David Bourget (Western Ontario)
David Chalmers (ANU, NYU)
Rafael De Clercq
Ezio Di Nucci
Jack Alan Reynolds
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Philosophical Investigations 32 (1):23-43 (2009)
My point of departure is the idea that Wittgenstein's work, especially his later work with its explicit emphasis on practices, seeks to engage a reader who is likely to come to philosophy with a certain cast of mind that includes unexamined commitments from a particular cultural context. I show how a substantial number of remarks by Wittgenstein in which he addresses cultural topics bring out the importance of the quite specific connections he saw between the philosophical problems with which he grappled and the historical cultural context in which those problems have arisen. Not only is a grasp of this aspect of his writing integral to a proper understanding of Wittgenstein as a thinker, bringing out these connections serves to put these remarks into a coherent conceptual framework. In assessing the relation of Wittgenstein's cultural concerns to his engagement with metaphysics, I show how his development of Spengler's thought is an important connecting link. Particularly important for this analysis will be my discussion of Wittgenstein's understanding and employment of the concept of a Betrachtungsform , as well as a few closely related concepts. I then offer an interpretation of what I believe to be the significance of the connection in his later thought between his philosophical activity and his views about the modern West.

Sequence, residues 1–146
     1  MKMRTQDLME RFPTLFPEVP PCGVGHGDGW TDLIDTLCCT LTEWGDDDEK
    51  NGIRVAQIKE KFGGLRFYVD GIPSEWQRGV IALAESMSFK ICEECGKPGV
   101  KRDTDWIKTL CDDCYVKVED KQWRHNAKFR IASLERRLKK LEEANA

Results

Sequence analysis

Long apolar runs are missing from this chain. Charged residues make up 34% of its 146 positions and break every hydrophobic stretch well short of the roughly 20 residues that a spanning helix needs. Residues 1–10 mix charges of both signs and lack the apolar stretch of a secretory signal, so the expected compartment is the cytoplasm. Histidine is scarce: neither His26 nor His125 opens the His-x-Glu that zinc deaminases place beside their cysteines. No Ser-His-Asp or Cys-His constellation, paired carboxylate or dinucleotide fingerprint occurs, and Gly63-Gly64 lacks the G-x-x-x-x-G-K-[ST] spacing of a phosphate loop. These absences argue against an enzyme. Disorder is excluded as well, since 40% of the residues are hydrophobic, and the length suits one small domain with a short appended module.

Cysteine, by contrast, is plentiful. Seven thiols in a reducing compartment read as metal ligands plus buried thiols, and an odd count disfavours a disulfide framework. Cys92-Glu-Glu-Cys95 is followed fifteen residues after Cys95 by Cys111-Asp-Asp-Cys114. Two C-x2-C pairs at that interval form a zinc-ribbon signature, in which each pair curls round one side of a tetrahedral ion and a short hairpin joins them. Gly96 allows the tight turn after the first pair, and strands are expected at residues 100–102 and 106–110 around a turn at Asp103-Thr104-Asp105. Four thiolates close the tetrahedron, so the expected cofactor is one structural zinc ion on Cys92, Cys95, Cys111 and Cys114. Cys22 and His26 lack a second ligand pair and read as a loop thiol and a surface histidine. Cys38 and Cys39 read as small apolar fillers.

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References found in this work BETA
John McDowell (1994). Mind and World. Cambridge: Harvard University Press.
Ludwig Wittgenstein (1998). Philosophical Investigations. Wiley-Blackwell.
Charles Taylor (1995). Philosophical Arguments. Harvard University Press.
Ludwig Wittgenstein (1980). Culture and Value. University of Chicago Press.
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